Russia’s government resigned on Wednesday after President Vladimir Putin proposed a referendum on a series of constitutional reforms.
In a televised meeting with the Russian president, Prime Minister Dmitry Medvedev said the proposals would make significant changes to the country’s balance of power and so “the government in its current form has resigned.”
“We should provide the president of our country with the possibility to take all the necessary measures” to carry out the changes, Medvedev said.
“All further decisions will be taken by the president.”
Earlier Wednesday Putin proposed a referendum on a package of reforms to Russia’s constitution that would strengthen the role of parliament.
The changes would include giving parliament the power to choose the prime minister and senior cabinet members, instead of the president as in the current system.
The role of regional governors would be enhanced and lawmakers would be consulted on the appointment of senior law enforcement officials.
But the president would retain nearly all of the position’s wide-ranging powers.
The move is likely to fuel speculation about Putin’s political future after more than 20 years in power, but the Russian leader gave no hints about his plans for when his fourth Kremlin term expires in 2024.
It also comes ahead of parliamentary elections due in 2021, with the ruling United Russia party suffering from low approval ratings.
Re-elected to a six-year term in 2018, Putin has seen his approval ratings fall to some of their lowest levels, though still far above those of most Western leaders.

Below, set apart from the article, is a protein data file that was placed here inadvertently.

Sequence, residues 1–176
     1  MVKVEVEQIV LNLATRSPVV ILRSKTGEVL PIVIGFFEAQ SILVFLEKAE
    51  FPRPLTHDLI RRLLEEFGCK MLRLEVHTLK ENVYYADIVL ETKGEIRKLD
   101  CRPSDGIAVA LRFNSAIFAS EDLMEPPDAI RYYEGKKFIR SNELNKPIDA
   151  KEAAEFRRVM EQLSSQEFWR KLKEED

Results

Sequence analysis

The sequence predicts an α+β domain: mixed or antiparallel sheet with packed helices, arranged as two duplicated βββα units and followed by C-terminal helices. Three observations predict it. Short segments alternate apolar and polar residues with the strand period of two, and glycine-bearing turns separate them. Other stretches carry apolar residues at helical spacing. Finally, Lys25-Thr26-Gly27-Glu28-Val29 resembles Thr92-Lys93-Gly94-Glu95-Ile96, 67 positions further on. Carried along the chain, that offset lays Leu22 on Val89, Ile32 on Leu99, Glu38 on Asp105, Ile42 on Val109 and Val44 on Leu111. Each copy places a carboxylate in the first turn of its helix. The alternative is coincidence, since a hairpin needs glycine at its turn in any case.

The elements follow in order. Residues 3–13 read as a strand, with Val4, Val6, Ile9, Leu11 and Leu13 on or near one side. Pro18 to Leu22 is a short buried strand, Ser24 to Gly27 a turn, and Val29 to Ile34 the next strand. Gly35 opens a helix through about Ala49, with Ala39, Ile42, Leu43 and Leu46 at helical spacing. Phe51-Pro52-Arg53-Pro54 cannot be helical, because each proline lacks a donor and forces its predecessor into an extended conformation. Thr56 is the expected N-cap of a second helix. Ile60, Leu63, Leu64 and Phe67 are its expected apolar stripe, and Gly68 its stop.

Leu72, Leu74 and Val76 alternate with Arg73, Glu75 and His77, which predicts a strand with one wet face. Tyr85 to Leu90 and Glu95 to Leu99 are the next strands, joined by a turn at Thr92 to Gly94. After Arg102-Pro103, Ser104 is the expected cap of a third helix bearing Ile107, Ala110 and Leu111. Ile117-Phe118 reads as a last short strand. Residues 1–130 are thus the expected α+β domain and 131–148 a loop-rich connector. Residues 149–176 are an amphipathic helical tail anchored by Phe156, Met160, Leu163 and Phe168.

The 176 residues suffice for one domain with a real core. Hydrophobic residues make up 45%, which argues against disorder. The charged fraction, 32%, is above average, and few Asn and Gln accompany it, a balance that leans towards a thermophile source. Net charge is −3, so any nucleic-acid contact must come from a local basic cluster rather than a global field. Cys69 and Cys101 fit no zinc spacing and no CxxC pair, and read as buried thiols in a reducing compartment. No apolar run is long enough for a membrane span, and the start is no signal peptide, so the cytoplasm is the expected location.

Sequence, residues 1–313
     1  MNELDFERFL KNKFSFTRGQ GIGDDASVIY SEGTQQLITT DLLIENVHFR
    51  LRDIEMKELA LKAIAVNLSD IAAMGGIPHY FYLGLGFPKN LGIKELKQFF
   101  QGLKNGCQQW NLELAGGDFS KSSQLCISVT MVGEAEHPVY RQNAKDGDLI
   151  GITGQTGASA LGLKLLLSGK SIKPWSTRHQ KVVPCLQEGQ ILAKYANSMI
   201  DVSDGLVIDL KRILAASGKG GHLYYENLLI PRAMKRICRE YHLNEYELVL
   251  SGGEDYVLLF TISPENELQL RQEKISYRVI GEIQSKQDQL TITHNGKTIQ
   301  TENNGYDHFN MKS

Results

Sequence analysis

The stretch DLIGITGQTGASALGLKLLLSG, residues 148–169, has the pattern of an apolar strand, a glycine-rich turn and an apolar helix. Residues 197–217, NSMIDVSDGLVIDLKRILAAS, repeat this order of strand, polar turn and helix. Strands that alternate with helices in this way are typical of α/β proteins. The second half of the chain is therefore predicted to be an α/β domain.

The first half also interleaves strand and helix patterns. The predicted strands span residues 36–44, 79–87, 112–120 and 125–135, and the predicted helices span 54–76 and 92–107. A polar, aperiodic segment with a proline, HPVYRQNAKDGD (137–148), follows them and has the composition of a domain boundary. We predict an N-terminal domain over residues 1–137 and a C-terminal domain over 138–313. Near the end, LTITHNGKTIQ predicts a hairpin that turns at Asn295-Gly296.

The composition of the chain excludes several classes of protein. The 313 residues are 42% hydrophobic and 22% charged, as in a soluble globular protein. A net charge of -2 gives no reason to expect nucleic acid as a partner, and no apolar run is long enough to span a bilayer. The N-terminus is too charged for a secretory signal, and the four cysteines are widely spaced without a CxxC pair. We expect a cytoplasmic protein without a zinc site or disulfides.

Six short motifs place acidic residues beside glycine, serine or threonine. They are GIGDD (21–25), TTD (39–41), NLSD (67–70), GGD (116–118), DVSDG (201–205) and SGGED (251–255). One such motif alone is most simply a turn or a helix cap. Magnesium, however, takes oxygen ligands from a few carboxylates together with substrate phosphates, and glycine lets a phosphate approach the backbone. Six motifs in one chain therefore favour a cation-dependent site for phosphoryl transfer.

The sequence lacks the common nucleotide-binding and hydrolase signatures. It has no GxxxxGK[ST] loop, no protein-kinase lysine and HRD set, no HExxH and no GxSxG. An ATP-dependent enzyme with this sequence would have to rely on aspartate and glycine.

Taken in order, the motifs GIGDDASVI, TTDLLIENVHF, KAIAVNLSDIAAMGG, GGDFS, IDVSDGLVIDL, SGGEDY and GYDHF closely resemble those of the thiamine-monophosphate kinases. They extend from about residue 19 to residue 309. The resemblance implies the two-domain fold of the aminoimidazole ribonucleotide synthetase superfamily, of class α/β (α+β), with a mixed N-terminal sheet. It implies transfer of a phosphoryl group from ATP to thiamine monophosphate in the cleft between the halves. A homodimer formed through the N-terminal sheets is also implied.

Recent polls put Putin’s rating at 68-70 percent, up a few points from a year ago but down from a high of more than 80 percent at the time of his last election.
Hit by Western sanctions over the 2014 annexation of Crimea, Russia’s economy has stagnated and most Russians have seen their disposable income fall.
Frustration boiled over last summer, with thousands taking to the streets of Moscow to protest the exclusion of opposition candidates from local elections, leading to wide-scale arrests and long jail terms for a number of demonstrators.
Putin announced the proposed package of reforms in his annual address to lawmakers, saying the public’s representatives needed to play a stronger role in governing.
“I consider it necessary to conduct a vote by the country’s citizens on an entire package of proposed amendments to the country’s constitution,” Putin said, without specifying any date for a vote.
Much of the speech, which lasted about 70 minutes, focused on promises of concrete support for families, with Putin saying Russia continues to face a “very difficult” demographic crisis.
Russia is again seeing falling birthrates as the generation becoming parents now were born in the 1990s, when the birthrate fell drastically due to economic uncertainties following the collapse of the Soviet Union.
“Russia’s fate and its historic prospects depend on how many of us there are,” Putin said, announcing new cash payouts for births and the extension of child benefit plans.
Next year’s parliamentary vote will be seen as a key test of the system Putin has put in place, with the leader supported by loyalist parliamentarians and security services targeting the opposition.